Elliman takes over Tribeca penthouse listing that passes the McDonald’s smell test

Developer has struggled to sell unit after past complaints over truck fumes

TRD NEW YORK /
May.May 29, 2013 06:30 PM

The five-story condominium building at 8 Thomas Street in Tribeca doesn’t have golden arches. But the complex has been linked to McDonald’s in recent years, amid residents’ complaints over the smell of exhaust fumes from delivery trucks parked outside the adjacent fast food restaurant at 317 Broadway.

The supposed smell has made it difficult for developer Anand Gajjar to sell the building’s duplex penthouse, where he lives with his wife, Rita.

The couple, who has struggled to sell the unit, is now turning to a third set of listing brokers, Toni Haber and Steven Kramer of Douglas Elliman, to market the three-bedroom apartment. The 3,197-square-foot condo will hit the market tonight with an asking price of $5.399 million, Haber told The Real Deal.

Previously, Timothy McCarthy of Stribling & Associates listed the penthouse for $3.995 million in 2009. The couple decided to live there and pulled it off the market in February 2010.In February this year, Laura Moss of Brown Harris Stevens stepped in and listed it for $5.995 million, StreetEasy shows. The three other units in the building have all sold.

“Each individual property needs a very specific way to market it,” Haber said. “Do you need to de-clutter and adjust the price? The owner said it wasn’t getting a lot of activity.”

Brown Harris Stevens was not immediately available to comment.

In 2009, residents of the Thomas Street building — Between Broadway And Church Street — filed a petition to the local community board and McDonald’s headquarters that called on the chain to relocate its unloading spot, which allegedly blocked access to other cars, as previously reported.

However, the trucks rarely park out front to unload food and supplies anymore, instead lining up along Broadway, eliminating the noise and exhaust issues, Rita said. She said she never smelled the odor.

Indeed, when TRD visited today, the apartment did pass the smell test: It was free of unwanted scents.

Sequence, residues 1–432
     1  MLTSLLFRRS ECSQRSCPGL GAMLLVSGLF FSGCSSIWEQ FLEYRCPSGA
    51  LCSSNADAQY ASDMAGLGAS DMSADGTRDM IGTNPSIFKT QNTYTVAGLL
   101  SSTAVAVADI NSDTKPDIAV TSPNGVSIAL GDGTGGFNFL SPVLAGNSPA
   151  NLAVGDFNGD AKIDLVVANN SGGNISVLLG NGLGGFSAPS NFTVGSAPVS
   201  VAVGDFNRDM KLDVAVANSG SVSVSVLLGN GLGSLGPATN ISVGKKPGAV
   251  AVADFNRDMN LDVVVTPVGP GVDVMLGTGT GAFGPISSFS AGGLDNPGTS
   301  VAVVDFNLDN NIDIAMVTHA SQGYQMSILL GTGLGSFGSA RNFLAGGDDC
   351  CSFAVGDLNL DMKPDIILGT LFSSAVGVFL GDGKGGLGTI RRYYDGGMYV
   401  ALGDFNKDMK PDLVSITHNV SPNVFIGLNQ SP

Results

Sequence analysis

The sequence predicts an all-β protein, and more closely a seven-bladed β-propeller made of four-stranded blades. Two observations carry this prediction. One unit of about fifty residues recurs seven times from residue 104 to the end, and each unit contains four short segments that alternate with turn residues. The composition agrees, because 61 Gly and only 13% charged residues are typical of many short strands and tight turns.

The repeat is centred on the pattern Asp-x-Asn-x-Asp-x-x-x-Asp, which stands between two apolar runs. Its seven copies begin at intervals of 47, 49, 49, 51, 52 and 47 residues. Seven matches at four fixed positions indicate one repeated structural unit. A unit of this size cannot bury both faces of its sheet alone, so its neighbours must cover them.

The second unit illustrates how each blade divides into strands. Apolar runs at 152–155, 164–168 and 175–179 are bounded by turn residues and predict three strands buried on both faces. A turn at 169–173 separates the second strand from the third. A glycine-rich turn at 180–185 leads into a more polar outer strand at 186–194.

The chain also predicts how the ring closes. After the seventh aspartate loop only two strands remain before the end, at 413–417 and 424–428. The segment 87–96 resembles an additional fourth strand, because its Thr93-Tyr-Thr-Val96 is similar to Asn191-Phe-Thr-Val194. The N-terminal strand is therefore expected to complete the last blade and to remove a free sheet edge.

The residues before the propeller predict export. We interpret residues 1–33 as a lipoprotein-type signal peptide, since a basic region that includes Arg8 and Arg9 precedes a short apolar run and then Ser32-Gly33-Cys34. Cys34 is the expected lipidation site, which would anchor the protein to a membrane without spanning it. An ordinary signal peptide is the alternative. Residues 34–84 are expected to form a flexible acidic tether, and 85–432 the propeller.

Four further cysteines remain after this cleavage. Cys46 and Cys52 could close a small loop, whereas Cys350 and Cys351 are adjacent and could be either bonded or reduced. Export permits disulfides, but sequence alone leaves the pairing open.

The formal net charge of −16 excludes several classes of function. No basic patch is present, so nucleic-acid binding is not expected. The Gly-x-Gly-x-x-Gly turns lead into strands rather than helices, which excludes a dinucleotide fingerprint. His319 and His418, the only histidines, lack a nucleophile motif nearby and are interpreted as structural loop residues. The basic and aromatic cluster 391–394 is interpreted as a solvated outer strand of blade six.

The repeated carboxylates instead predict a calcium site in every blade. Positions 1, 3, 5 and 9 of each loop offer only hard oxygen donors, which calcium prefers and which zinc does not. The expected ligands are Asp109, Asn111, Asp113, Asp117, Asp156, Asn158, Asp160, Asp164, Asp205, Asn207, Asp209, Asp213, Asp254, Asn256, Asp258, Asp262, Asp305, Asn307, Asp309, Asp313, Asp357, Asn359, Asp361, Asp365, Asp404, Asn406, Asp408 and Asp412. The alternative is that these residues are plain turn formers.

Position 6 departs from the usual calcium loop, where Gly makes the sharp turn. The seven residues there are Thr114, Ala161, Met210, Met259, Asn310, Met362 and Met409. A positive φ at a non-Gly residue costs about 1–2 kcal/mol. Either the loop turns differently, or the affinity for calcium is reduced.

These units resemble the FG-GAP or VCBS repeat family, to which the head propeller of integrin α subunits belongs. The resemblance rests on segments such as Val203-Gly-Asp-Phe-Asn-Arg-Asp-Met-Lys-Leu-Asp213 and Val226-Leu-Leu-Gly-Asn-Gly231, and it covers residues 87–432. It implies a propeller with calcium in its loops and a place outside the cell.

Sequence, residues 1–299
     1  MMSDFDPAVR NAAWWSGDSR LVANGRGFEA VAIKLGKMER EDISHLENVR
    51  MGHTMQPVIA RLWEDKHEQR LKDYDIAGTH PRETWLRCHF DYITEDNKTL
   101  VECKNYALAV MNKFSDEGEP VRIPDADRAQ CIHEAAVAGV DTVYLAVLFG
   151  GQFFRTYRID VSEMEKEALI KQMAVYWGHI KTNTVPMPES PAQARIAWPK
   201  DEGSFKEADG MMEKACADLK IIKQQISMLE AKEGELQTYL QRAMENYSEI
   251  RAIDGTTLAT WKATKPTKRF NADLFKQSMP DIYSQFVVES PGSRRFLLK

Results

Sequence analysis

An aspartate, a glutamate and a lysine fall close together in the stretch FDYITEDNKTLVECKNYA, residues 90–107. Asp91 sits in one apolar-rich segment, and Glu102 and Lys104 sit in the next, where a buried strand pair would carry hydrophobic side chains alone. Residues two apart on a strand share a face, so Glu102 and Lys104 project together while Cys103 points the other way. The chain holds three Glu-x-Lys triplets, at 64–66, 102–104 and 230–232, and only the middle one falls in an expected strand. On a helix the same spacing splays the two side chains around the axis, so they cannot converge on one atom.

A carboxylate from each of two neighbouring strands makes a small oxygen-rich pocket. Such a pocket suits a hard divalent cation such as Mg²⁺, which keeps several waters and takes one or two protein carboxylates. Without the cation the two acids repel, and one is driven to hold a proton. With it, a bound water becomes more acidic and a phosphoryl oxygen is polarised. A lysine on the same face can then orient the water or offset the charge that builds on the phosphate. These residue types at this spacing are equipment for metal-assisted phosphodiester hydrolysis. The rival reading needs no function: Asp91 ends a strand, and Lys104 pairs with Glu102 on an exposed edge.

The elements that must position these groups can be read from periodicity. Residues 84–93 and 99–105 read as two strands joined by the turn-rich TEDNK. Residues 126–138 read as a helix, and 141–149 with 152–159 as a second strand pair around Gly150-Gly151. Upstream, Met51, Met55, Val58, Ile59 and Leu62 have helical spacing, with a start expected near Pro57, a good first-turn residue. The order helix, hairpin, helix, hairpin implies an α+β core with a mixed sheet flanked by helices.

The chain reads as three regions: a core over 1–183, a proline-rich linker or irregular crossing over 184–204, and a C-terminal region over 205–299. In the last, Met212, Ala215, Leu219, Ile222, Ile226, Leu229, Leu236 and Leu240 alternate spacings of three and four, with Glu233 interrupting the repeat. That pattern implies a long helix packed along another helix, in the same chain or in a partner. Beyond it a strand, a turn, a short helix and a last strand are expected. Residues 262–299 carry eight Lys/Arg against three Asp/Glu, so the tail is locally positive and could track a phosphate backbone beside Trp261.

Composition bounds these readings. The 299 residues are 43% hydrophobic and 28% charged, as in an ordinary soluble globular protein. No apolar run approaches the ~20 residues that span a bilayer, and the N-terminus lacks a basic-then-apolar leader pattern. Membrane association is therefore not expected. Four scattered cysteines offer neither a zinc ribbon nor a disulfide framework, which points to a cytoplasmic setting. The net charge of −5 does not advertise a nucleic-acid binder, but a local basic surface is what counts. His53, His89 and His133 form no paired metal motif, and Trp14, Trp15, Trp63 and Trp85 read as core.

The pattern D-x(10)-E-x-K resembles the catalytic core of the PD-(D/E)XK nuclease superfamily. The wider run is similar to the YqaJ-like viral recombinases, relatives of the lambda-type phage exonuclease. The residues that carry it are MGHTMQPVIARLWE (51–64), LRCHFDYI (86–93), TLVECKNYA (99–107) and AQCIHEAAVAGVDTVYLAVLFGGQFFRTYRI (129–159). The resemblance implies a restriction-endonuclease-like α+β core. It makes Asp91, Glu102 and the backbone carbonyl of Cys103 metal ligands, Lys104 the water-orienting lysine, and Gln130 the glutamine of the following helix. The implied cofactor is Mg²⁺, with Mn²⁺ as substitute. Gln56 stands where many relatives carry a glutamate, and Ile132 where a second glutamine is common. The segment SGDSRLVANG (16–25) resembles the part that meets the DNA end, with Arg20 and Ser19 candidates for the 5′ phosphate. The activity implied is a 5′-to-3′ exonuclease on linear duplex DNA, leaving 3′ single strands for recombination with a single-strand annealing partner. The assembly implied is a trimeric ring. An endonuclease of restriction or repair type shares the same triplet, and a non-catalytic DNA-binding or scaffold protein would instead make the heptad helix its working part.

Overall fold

The unit has a family room library that can be converted into a fourth bedroom. There is also a 1,000-square-foot rooftop terrace and, for $300,000 extra, a 1,000-square-foot wine cellar and game room in the basement of the building, Kramer told TRD.

Ashnu International Corporation, headed up by Nayan Parikh, led the building’s $1.6 million conversion to condominiums in 2007. Architect Jarvis Morgan Slade designed it Victorian-style in 1875 to house a soap manufacturer, the David S. Brown Store.

Correction: A previously published version of this article said the couple struggled to sell it for three years. The couple took the unit off the market between February 2010 and February 2013.

 

Related Articles

arrow_forward_ios
John Giannone and Jac Credaroli (Credit: iStock)

Two Elliman agents launch platform to provide renters, buyers and sellers up to $50K in unsecured loans

Jacob Sudhoff and Scott Durkin (Credit: Sudhoff Companies, Emily Assiran, iStock)

Douglas Elliman is coming to Texas

Douglas Elliman chairman Howard Lorber (Credit: Getty Images and iStock)

Elliman’s revenue rose 18%, after sales frenzy to avoid New York’s new transfer tax

From left: Douglas Elliman's Howard Lorber, Halstead's Diane Ramirez, Corcoran's Pam Liebman and Warburg Realty's Frederick Peters (Illustration by The Real Deal)

Layoffs and furloughs hit NYC’s biggest resi firms

(Credit: iStock)

Strong quarter for Manhattan home sales belies current struggle

LA resi leaders predict “pent up demand” post-coronavirus

LA resi leaders predict “pent up demand” post-coronavirus

NYRAC's Heather McDonough Domi and Compass' Leonard Steinberg (Credit: Compass; Steinberg by Gonzalo Marroquin/Patrick McMullan via Getty Images)

Broker group asks StreetEasy to stop counting days on market

(Credit: iStock)

Rental concessions are on the decline, but the size of incentives is growing

arrow_forward_ios
Loading...